5 Lessons From #London2012
The Olympic Games in London were, I think most people would agree, a pretty stunning success. From the amazing opening ceremony, to the record haul of medals for the home team, it all went brilliantly.
It was also, according to many, the first social media Olympics and so, as we pack away the memories of a fortnight of sporting excellence, let’s see what marketing lessons we can take away.
1. Free speech comes at a price. Twitter has often spoken very proudly about being “the free speech wing of the free speech party” and has an enviable record of resisting efforts by governments and legislators to get access to its users’ data.
But when a British journalist started ranting about NBC’s coverage of the opening ceremony, someone at Twitter contacted NBC and prompted them to report one of the tweets. This then saw the account being frozen and an entirely foreseeable backlash.
Twitter had just announced a commercial tie-up with NBC prior to the start of the games and this particular PR fail goes to show how difficult it will be for a company that allows people to express their every thought, no matter how inappropriate and unpleasant those may be, to keep commercial partners happy.
[Editor's Note: Twitter itself denied that the account was suspended to please NBC and curtail speech but rather because the account holder, Guy Adams, tweeted an email believed to be private.
Twitter did admit that someone on its partnership side suggested that NBC might report this issue, which it apologized for. Our previous post, Twitter Apologizes, Admits One Department Helped NBC Get Journalist’s Account Suspended, explains this more].
2. Dual-screening has gone mainstream. The idea that people will interact with the web at the same time as watching TV is hardly a new idea (the first time I wrote about it for Search Engine Land was back in 2009 and I wasn’t saying anything others hadn’t already).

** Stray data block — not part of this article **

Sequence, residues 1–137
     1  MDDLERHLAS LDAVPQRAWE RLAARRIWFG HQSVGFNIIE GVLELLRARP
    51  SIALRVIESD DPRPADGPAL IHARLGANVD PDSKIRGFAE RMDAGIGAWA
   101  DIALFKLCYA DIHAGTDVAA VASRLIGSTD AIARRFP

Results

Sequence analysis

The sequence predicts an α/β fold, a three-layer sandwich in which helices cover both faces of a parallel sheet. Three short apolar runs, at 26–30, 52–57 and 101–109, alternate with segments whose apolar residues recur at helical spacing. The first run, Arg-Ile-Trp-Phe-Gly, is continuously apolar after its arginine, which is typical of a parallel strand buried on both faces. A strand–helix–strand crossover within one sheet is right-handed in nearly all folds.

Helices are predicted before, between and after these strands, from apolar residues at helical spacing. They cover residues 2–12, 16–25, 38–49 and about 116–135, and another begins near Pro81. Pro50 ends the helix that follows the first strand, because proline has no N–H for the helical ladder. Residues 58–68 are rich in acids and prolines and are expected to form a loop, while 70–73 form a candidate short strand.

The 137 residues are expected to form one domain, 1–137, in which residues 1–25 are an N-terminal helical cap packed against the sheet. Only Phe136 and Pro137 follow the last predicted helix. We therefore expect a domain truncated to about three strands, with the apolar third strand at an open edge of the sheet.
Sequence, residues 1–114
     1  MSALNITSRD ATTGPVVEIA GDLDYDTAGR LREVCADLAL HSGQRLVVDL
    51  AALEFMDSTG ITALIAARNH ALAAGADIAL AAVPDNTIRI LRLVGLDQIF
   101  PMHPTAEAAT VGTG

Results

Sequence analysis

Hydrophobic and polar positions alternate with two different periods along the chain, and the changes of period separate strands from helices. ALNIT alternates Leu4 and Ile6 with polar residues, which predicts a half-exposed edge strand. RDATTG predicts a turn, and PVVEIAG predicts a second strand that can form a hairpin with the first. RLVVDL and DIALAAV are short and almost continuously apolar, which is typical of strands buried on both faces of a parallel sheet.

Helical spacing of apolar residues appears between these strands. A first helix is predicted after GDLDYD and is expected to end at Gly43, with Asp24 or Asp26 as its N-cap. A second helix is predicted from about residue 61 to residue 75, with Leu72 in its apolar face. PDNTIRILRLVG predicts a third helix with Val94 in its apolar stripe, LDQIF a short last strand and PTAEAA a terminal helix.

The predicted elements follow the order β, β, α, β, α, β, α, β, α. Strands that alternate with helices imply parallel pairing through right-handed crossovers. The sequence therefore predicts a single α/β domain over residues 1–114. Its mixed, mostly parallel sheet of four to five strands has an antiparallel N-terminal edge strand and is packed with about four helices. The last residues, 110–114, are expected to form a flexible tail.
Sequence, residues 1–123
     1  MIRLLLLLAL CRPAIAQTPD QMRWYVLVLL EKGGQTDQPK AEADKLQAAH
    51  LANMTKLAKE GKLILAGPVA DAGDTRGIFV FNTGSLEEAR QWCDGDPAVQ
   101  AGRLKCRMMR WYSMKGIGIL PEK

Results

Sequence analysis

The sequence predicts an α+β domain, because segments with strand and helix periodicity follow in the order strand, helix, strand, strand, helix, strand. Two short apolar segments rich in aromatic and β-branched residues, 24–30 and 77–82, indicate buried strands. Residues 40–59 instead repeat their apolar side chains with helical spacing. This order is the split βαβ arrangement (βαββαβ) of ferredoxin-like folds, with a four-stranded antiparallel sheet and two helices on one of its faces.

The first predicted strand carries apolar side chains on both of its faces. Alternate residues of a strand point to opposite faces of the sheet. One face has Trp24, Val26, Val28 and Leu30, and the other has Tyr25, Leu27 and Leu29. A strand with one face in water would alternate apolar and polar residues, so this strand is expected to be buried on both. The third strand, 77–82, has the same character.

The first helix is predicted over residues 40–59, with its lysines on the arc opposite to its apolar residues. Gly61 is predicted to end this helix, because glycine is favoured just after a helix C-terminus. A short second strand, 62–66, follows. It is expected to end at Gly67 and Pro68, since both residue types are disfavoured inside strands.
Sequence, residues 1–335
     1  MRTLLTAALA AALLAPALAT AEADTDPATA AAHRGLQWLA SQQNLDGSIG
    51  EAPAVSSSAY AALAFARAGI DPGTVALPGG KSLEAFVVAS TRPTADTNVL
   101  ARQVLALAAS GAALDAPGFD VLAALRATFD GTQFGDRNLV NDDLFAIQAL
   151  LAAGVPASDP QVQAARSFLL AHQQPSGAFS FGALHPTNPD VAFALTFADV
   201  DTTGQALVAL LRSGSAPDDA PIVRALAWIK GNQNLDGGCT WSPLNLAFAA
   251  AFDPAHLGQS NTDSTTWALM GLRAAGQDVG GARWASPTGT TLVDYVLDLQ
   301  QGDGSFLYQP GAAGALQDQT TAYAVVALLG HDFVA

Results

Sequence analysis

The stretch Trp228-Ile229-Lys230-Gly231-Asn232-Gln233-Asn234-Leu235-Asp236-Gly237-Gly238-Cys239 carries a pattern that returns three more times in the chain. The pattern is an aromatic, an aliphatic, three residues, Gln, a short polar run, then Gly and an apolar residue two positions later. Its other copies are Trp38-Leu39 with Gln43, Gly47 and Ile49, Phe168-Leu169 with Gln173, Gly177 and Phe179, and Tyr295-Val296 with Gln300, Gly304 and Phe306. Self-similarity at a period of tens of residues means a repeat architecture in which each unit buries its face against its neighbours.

But with smartphones shipments now outstripping those of PCs almost two-fold, dual-screening has gone from something that is talked about at conferences to something real people are actually doing. Data released by Google show massive spikes in search traffic, particularly on tablets and smartphones, at times when people were watching the games. This is a really interesting trend and one that marketers need to exploit, although the fact that large numbers of people don’t appear to know who Paul McCartney is, is slightly worrying.
3. You don’t have to be in it to win it. One of the main criticisms in the run up to the games was that it was overly commercial. And considering that sponsors pay tens, if not hundreds of millions of dollars to be associated with the Olympics, it’s no surprise.
But, once again, Nike showed that you can capture the spirit of an event, and start conversations, without being an official sponsor. I might be a little biased as they’re a client, but I think it’s safe to say that Nike’s amazing content and its strategic use of paid media was a textbook example of how to integrate paid, owned and earned media.
4. There should be medals for self-promotion. A lot of the athletes taking part in the Games have seen surges in their social profiles, some by almost 4,000%. And just in case he didn’t win a medal (he did), Irish boxer Paddy Barnes actually plugged his Twitter profile during the Opening Ceremony in a cheeky attempt to gain sponsorship. Hopefully a few brands were listening.
5. Time is money. The criticism that NBC was getting was due to its delayed and edited coverage. Due to the fact that audiences, and therefore ad revenues, tend to be greater during prime-time, NBC delayed a lot of the footage.
But in the days of Twitter, Facebook & YouTube, that’s going to be hard to keep doing. If people allready know, via Twitter, that Mo Farah has just got his second gold, or that Usain Bolt is still the 100m champion, are they likely to want to watch it two hours later?
Thankfully for NBC the next Olympics will be in Rio, which is only an hour ahead of the East coast. But when you look at how people consumed these games, on multiple screens and multiple platforms, I’d be willing to gamble that one of the big winners at Rio will be someone like Google, as I’d imagine they’d love to have a go at taking NBC’s coverage away and putting it all on YouTube.
And that would be even more of a shake-up than Britain turning out to be good at sport and a bit rubbish at music.
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